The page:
Compaq Computer Corp.’s early local wins in the merger melee with Hewlett-Packard Co. Ltd. are being welcomed by customers and resellers.
The larger of the two partners locally has gained most of the plum jobs within the region, including the appointment of Compaq New Zealand head Russell Hewitt as boss of the merged entity.
Hewitt was appointed chief executive in place of Barry Hastings, manager of the pre-merger HP NZ. Hewitt also becomes general manager of the new company’s enterprise systems group. Hastings becomes general manager of the personal systems and imaging and printing groups. Completing the four-division line-up, Compaq director of business support Simon Tong becomes head of services, winning out over his HP counterpart, Mark Bowman.
Current Compaq Australia head Paul Branding will lead the Australian merged entity and run the South Pacific as a sub-region of Asia Pacific, which is run by Compaq executive Paul Chan. Indications in Australia are that the company’s management team will also be weighted toward Compaq executives.
Gen-i chief executive Garth Biggs says Hewitt’s appointment should help the new company keep its local flexibility. Biggs had feared the new enterprise might become a bureaucratic monster.
“(Hewitt) has proved himself very capable and he’s done a great job at Compaq. It was a tough call between the two country heads (Hewitt and Hastings) but someone had to win. It all depends on how it runs out of Australia or wherever,” Biggs says, adding that other multinationals presently lack the flexibility of Compaq and HP.
“Retaining positions locally from the top down (rather than bringing in outsiders) augers well,” Biggs says.
Mark Hales, IS manager of Wellington-based shipping company Seatrans, said when the merger plan was revealed last September that he would have preferred Compaq to take over HP. He calls it “good news” if this is to some degree the case locally.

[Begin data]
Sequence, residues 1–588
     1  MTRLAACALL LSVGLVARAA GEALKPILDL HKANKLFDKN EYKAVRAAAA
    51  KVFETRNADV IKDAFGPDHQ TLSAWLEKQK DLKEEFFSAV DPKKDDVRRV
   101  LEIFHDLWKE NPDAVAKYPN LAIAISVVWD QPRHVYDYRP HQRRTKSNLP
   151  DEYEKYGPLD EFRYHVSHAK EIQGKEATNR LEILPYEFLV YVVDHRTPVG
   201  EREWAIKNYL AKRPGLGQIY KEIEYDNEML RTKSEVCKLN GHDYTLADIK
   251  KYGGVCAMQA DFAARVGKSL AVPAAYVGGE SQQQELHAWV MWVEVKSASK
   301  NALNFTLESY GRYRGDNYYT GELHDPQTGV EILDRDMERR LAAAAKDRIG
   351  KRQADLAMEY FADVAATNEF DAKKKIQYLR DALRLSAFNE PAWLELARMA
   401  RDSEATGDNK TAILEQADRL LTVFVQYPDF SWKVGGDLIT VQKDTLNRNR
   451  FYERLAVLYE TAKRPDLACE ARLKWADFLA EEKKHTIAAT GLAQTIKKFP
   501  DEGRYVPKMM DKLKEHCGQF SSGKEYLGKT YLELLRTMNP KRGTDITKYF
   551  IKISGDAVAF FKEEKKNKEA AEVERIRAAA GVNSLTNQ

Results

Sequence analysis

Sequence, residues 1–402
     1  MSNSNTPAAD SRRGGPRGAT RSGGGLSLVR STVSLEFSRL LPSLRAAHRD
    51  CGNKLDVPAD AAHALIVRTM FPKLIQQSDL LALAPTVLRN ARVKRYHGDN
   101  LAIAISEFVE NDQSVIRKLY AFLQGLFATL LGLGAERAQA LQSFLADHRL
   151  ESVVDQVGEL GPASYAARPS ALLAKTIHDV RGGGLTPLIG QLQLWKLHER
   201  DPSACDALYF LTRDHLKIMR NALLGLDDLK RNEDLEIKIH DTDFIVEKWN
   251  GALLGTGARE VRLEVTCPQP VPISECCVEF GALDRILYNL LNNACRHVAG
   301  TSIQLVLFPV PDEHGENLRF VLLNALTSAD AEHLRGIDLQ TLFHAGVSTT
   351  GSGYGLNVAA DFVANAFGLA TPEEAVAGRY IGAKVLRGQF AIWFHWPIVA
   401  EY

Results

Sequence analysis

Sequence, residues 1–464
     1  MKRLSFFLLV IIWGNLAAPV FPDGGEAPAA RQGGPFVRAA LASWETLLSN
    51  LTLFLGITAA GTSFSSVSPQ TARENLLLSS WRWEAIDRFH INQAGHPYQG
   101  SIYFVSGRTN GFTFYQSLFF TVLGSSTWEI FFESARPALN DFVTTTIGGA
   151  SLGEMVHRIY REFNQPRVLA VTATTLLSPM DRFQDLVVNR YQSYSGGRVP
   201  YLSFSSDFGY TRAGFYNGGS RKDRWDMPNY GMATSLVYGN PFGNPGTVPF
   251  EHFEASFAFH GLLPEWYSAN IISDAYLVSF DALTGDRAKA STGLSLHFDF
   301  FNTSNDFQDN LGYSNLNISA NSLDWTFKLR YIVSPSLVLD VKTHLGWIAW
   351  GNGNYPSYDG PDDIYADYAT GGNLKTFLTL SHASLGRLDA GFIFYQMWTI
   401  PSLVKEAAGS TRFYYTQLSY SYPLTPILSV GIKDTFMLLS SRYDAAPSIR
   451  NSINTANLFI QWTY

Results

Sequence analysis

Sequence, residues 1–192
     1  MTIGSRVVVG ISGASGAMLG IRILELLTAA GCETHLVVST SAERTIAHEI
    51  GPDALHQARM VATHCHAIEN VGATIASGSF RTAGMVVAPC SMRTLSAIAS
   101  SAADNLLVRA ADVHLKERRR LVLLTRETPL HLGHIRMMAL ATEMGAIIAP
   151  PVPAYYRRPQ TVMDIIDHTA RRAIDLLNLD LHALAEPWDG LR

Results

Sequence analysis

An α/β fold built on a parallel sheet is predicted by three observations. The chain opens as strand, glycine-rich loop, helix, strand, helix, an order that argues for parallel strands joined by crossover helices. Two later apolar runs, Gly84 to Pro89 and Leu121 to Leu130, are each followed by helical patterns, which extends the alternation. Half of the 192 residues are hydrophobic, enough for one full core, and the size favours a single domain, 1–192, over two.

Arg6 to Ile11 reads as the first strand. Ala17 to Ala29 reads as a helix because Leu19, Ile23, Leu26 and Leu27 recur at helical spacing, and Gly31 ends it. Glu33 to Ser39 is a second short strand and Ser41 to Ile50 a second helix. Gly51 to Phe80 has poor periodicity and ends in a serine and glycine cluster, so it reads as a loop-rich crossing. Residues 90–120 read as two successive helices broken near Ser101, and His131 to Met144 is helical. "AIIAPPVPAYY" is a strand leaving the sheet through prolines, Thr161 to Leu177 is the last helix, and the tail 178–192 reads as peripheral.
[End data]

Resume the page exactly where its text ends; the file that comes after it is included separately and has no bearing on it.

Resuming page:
Hales, a customer of both companies, says Compaq has more “depth in terms of technology” and a more comprehensive range of products.
However, HP NZ rejects any suggestion that Compaq is taking most of the top jobs because it is bigger locally, saying simply that the best people are getting the jobs. HP New Zealand spokeswoman Joanna Burgess says the appointment process is one of picking the best people for the job.
“From what I understand, they are going through a rigorous interviewing process. At the end of the day, it does not matter where they come from. Whether they are Compaq or HP is neither here or there,” she says.
“These things (announcements) are cascading down, now to the level of country manager. But we do not expect any more until after the legal close,” Burgess says.
Compaq New Zealand spokesman Ken Erskine says the newly merged company is still setting out its new structure and this must be done before it can appoint the appropriate personnel. “We decide the form of the new organization and then fit the people (around it),” says Erskine.
Both Hewitt and Hastings were unavailable for comment last week. Hastings was reportedly in the US on company business and Hewitt was also said to be overseas.
One of the remaining merger hurdles was removed last week when former board member Walter Hewlett said he would not appeal a court ruling rejecting a legal challenge to the merger.